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Breathing In the Fumes: Painter Safety Concerns

by  on  News & Resources

Painting can be a dangerous job, especially when you take into account the sheer number of risks involved in an average paint job — heights, unsafe locations, toxic chemicals and more. Painters who work for a company may enjoy some measure of protection under their employers’ safety standards, but only if those standards are actively met and kept up-to-date by company administrators.

When safety standards fall by the wayside, the hazards associated with any paint job may be multiplied because there are no guards in place to protect the workers.

A Local Incident Sheds Light On the Issue

In a recent local case, a painter employed by Craftsman Painting and Decorators Inc. requested a respirator mask to protect him from breathing in harsh or dangerous chemicals as he worked. His boss refused to provide the mask, and when he complained about her response, he was fired. The company told him they had no obligation to provide their workers with safety equipment on the job.

The worker, who is studying to apply for medical school, said that he suffered from dizziness, a sore throat and shortness of breath shortly after he left Craftsman and blamed the chemicals that he had come into contact with while on the job.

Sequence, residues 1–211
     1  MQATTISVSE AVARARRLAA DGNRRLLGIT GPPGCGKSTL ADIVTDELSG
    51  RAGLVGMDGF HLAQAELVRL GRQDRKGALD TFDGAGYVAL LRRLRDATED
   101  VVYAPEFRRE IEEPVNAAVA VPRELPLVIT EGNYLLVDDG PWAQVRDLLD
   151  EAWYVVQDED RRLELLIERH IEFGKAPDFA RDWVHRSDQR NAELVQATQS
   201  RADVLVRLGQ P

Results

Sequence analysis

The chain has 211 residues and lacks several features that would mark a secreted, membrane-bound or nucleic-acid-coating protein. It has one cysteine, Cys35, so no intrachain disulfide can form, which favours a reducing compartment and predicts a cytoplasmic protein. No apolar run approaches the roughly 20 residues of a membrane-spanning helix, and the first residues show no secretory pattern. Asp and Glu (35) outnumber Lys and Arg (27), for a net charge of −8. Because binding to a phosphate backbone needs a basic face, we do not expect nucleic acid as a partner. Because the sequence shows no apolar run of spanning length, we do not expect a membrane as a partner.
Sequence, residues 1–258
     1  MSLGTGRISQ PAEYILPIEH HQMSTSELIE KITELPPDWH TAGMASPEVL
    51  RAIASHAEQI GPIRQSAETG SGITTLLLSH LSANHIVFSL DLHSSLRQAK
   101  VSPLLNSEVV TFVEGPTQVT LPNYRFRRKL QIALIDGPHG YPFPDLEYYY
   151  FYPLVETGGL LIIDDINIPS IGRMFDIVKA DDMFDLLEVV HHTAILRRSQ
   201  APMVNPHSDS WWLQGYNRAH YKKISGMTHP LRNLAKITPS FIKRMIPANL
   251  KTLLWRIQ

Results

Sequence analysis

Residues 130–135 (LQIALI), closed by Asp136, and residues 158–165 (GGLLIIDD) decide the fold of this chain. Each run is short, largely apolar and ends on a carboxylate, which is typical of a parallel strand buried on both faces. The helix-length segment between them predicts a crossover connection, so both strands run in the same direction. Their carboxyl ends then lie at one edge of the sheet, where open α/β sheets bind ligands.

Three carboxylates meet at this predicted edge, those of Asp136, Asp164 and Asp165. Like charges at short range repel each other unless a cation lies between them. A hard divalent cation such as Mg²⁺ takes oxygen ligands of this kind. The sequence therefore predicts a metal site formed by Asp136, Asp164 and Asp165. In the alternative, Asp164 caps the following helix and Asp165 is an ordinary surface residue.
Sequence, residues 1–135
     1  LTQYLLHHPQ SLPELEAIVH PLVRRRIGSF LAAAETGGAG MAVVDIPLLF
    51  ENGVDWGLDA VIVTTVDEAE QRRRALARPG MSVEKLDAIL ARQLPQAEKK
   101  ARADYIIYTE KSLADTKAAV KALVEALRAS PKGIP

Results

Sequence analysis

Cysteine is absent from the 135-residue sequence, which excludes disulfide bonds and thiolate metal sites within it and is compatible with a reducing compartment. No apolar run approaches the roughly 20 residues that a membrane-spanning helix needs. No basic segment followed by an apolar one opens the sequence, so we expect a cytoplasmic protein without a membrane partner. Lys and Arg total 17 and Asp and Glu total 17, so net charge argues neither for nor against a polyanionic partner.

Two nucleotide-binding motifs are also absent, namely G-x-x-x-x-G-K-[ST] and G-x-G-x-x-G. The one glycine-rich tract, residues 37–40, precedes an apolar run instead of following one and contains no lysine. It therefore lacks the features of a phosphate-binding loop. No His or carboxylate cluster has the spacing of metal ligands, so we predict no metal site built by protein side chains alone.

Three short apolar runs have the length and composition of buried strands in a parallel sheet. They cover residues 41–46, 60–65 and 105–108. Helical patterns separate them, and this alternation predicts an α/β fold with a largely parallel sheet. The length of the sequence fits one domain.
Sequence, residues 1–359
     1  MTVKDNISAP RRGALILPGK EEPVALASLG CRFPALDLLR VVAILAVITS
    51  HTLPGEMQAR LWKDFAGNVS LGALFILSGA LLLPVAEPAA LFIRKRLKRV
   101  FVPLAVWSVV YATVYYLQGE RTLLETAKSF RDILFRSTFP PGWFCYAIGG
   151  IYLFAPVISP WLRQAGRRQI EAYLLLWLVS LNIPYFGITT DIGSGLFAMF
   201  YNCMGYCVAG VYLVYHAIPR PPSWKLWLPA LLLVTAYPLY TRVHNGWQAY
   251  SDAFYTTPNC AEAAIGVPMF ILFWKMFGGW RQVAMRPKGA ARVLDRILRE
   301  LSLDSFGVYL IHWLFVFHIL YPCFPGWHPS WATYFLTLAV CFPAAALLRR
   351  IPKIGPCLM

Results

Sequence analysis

When he opened a workers’ compensation claim against the company, the worker had a list of safety problems that put him and his fellow co-workers at risk every day. The ladders provided by the company were old and broken and often too short to reach the heights required for particular jobs. When the worker complained about these, he claimed his boss told him he was being dramatic.

Setting the Standards

The Occupational Safety and Health Administration (OSHA) sets the guidelines for employers by requiring that businesses and companies provide as many safety features as possible for their employees. OSHA also prohibits employers from charging their employees for safety equipment.

For painters employed by a company or institution, the risks can be great, and the reward or protection from the employers may not be enough. Many painting companies do not provide their employees with health benefits, which gives them even more chance to develop health conditions and problems.

One way that companies get around any OSHA requirements is by hiring individuals as independent contractors, which often keeps them from being entitled to benefits and health insurance. While this may work out well for the employers, it puts the employees at risk for increased health issues and other dangers.

At Levine Law, we represent any employee who has been injured on the job or as a result of the conditions he or she was in during employment. Your employer has a responsibility to ensure your safety as much as possible, and you have a right to enjoy security in your position and ask for heightened safety features within your company.

For more information regarding workplace safety and your legal options, contact a Denver workers’ compensation attorney at our firm for a consultation today.